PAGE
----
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The citizenship by investment programs enables investors to rapidly obtain citizenship with no required residence period, or only a short one.
On Feb. 25, a U.S. government delegation led by Anna Morris, the Department of Treasury's deputy assistant secretary, attended a meeting in Saint Christopher, in St Kitts & Nevis, to discuss the Citizenship by Investment (CBI) programs in the Caribbean.
Prime Ministers Gaston Browne (Antigua & Barbuda), Roosevelt Skerrit (Dominica), Dickon Mitchell (Grenada), Terrance Drew (St Kitts & Nevis), and Philip J. Pierre (Saint Lucia) were also present at the meeting.
They agreed on not processing applications from persons whose request to benefit from the CBI programs has been denied in another CBI jurisdiction.
These Caribbean leaders also approved that national authorities run checks on each application with their financial intelligence units, audit the CBI programs annually or every two years, and request law enforcement assistance to retrieve revoked/recalled passports.
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From March 31, these nations will also suspend processing applications from Russians and Belarusians. This initiative happens because the U.S. has been trying to limit the options available to potential Russian and Belarusian investors.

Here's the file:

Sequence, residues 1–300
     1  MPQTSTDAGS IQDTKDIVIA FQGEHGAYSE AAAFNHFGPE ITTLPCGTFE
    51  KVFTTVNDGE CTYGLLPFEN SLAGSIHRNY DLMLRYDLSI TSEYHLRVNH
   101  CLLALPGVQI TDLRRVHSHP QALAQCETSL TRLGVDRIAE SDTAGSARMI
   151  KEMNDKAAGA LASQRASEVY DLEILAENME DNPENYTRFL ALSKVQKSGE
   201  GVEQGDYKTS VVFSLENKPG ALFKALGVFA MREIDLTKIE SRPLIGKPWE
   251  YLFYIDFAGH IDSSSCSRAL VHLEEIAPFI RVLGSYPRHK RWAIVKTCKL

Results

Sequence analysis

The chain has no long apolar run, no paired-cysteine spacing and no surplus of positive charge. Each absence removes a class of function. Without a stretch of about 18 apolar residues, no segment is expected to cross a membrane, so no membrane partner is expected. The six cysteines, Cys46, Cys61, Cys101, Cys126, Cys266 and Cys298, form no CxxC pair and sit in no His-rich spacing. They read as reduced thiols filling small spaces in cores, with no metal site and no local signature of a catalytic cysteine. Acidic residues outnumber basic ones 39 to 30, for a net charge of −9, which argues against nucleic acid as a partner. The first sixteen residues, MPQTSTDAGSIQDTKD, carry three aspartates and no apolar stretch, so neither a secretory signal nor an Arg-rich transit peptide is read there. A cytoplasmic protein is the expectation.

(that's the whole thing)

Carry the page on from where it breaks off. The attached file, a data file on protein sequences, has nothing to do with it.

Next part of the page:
The U.S. will convene a technical discussion within the next four to six months to assess the implementation of the agreed six principles.
Through CBI programs, investors can rapidly obtain citizenship with no required residence period, or only a short one in return for making qualifying investments.
Besides the abovementioned Caribbean countries, about a dozen nations offer CBI programs, including Cambodia, Egypt, Jordan, Malta, North Macedonia, Vanuatu, and Montenegro.
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